the predictable face of suburbia is changing, at least in melbourne's preston neighbourhood. situated a few kilometers north of the cbd grid, the area hasn't exactly been void of things to see and do, but it lacked something substantial that would lure the inner city crowd to its doorstep. well, that was yesterday. j forsyth and julia howland are two avid art aficionados with a keen eye for subcultural excellence and ditto fun of just about any kind. the doors of their newly opened melbourne arts club, a three-dimensional extrapolation of a culture blog founded in 2012, have swung open to the joy of a sizeable demographic of like-minded melburnians. it's a temporary venue, occupying an expansive empty retail space which will knocked down and used for a new block of apartments by the end of next year.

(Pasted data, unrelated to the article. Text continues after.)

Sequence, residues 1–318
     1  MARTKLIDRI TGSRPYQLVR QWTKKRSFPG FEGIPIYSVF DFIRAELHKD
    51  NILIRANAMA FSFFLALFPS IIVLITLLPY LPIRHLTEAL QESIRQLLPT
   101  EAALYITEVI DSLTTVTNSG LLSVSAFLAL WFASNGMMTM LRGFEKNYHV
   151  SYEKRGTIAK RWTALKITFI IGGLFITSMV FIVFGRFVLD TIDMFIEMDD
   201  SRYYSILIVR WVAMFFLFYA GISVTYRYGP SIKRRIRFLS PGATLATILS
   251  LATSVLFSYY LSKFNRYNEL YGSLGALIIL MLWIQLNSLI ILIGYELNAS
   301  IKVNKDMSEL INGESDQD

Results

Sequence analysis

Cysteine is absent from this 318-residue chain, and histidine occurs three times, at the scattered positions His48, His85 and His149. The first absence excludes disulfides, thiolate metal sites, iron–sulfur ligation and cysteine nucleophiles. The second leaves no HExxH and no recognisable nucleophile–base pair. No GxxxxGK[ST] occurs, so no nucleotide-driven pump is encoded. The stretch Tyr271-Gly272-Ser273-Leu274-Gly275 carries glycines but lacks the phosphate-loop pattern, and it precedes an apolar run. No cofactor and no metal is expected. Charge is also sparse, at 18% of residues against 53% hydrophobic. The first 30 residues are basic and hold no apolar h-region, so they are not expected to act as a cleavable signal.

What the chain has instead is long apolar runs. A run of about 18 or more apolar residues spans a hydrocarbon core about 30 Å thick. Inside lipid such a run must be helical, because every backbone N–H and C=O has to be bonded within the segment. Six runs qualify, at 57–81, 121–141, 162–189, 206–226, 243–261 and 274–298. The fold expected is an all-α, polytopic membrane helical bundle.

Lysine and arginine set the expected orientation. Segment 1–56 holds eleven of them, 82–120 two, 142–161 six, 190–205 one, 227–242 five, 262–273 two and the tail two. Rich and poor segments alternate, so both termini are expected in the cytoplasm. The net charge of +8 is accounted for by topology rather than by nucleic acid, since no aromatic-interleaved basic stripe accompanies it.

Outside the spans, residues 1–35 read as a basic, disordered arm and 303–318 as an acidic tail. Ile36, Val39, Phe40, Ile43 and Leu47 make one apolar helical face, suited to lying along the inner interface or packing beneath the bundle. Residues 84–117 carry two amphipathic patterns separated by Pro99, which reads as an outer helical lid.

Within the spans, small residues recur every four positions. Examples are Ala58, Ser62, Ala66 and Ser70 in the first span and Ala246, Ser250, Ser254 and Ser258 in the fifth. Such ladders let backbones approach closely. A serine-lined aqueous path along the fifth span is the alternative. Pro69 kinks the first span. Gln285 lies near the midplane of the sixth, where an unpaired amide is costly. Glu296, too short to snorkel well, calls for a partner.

as said, melbourne arts club keeps a finger on the city's artistic pulse, but it also accommodates good day rentals, a furniture rental company run by forsyth's beloved sister. nepotism? given the fact that the two have created a corresponding studio + shared work space available to creatives and freelancers, we'd say it's a rather brilliant joint effort. the aim clearly is to create a vibe of cross-pollination that generates more good creative stuff at the venue. the setting at melbourne arts club, designed by architect aaron hughes, is intentionally low-key, pairing elements of the existing interior with an ingenious configuration of wooden pallets. the rental work space is furnished with simple desks and vintage chairs, and further decorated with homey artworks and objects. location: 1/176-180 high street [preston].